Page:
Islam expert: Conflict seen as mainly religious

Bernard Lewis says moderate countries "looking to Israel for help" in dealing with Iran, which is seen as region's "major threat."

February 17, 2009 23:25
2 minute read.
Islam expert: Conflict seen as mainly religious

bernard lewis 298 AJ. (photo credit: Ariel Jerozolimski)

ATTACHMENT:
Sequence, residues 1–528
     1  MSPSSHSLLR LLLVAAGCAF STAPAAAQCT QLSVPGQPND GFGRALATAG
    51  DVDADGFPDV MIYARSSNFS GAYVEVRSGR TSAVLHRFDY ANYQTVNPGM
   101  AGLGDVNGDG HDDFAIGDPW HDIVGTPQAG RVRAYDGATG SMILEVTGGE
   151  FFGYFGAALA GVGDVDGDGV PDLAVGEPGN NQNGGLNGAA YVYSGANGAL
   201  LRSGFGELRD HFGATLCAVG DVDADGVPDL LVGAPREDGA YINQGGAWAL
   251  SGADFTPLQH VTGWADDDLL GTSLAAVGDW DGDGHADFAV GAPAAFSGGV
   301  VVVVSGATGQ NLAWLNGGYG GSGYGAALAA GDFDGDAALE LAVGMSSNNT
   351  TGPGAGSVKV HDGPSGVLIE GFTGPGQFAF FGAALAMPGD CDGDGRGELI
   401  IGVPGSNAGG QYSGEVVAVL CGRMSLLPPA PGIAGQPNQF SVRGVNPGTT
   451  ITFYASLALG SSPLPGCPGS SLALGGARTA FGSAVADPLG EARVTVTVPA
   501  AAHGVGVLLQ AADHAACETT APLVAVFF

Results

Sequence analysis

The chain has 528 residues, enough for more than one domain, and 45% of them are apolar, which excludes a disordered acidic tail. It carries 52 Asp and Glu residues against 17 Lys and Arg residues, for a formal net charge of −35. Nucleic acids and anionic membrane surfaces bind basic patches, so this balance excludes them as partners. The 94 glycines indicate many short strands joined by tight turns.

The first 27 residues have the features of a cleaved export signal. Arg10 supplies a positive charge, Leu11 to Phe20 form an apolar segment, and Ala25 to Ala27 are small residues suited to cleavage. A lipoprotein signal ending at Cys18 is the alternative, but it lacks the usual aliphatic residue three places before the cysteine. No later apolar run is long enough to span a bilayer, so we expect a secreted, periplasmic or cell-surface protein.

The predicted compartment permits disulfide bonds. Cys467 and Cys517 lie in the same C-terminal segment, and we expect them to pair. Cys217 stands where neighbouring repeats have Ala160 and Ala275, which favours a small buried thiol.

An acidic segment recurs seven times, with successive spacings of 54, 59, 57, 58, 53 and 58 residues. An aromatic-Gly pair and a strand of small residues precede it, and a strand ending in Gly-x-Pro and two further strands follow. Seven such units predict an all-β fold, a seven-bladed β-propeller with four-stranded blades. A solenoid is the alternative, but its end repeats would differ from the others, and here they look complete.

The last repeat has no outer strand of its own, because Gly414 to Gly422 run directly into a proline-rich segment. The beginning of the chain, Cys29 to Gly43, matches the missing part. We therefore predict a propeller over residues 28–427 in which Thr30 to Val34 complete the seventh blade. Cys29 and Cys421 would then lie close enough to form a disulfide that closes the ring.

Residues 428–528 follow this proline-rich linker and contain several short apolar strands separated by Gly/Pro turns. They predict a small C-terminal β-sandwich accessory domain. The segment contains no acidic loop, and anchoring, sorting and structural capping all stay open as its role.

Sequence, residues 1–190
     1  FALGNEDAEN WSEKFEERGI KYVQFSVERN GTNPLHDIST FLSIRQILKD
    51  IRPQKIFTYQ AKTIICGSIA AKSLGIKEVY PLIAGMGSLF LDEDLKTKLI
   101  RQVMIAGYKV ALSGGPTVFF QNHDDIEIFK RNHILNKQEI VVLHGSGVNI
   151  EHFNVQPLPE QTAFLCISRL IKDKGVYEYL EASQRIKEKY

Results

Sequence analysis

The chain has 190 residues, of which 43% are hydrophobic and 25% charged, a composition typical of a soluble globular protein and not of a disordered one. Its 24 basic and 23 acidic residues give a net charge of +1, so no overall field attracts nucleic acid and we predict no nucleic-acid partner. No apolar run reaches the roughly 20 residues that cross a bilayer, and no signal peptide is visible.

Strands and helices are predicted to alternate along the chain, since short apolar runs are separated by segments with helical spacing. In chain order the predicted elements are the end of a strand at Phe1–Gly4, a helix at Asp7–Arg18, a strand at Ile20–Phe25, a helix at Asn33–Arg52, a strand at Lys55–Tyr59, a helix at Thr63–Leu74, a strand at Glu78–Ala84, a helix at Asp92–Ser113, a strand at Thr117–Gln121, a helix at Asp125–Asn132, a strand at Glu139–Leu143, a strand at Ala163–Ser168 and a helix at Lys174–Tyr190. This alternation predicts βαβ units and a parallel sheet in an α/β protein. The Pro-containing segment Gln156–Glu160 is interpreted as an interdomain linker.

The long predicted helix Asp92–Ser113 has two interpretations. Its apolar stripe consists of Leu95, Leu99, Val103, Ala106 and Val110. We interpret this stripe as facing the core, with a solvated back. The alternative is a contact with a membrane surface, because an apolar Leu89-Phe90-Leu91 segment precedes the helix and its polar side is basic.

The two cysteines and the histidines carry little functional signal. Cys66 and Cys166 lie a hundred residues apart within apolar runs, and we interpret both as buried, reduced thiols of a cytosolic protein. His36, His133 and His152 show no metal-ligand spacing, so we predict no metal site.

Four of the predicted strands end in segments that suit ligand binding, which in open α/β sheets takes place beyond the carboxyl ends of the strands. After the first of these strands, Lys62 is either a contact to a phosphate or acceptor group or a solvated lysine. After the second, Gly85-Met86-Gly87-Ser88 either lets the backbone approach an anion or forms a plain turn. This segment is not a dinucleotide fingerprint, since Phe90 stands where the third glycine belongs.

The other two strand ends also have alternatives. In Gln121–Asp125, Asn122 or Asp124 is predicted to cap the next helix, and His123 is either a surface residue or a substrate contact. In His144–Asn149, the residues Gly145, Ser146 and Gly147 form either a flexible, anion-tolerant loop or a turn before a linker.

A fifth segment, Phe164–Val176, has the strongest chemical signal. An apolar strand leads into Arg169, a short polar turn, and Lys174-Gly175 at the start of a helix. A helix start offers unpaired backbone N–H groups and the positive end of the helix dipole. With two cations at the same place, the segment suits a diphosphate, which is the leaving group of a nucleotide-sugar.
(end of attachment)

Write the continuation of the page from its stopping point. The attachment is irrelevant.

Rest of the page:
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Muslims view the Israeli-Palestinian conflict and Iran's showdown with the West as essentially a religious conflict, an expert on Islam said recently. "I think that in the Muslim perception, [the conflict] is basically a religious conflict," said Prof. Bernard Lewis in an address at the sixth annual Jerusalem Conference. "It is to decide who will dominate Islam, and whose version of Islam will prevail in the Islamic world." The world-renowned historian and Princeton University professor emeritus said that the Iranian nuclear threat has led moderate Arab countries in the Middle East to forge quiet alliances with Israel, as was evident in the recent military operation against Hamas in Gaza. "This represents a mortal threat to established Arab regimes in the region, and like Sadat in his day - but for even more compelling reasons - they are looking to Israel for help in dealing with what they see as the major threat," Lewis said. He made the remarks at the concluding session of the conference in a half-hour-long conversation with Dan Diker of the Jerusalem Center for Public Affairs. Lewis said the recurrence of what he dubbed the "Sadat gambit" - a realization that other threats were far more dangerous than Israel - came as for the first time in centuries, the predominantly Sunni Muslim world was seeing Shi'itism as a "mortal threat" to Sunni ascendancy, which has prevailed in the Muslim world since time immemorial. The nonagenarian historian, who first used the phrase "the clash of civilizations" 11 years before the 9/11 terror attacks on the US, noted that nuclear weapons in the hands of an Islamic regime with an "apocalyptic mind-set" represented an unprecedented danger. "Mutual assured destruction was the main deterrent preventing the use of nuclear weapons by the Soviets," Lewis said. "For [Iranian President Mahmoud] Ahmadinejad and his group, with their apoclayptic mind-set, mutual assured destruction is not a deterrent but an inducement." He said there was a woeful lack of awareness of both the magnitude and threat of the jihadist goal of radical Islam, stemming from both ignorance and a provincial colonialist outlook of the threat as "some local trouble." Lewis said that the best hope for the future in the Muslim world was the spread of democracy in places where previously it would have been inconceivable - a phenomenon he dubbed "the Sharansky effect" after former MK and prisoner of Zion Natan Sharansky, who has argued that democracy is the basis for peace. "It is still limited, precarious and dangerous, but it is happening, and that is the best hope for the future," he concluded.

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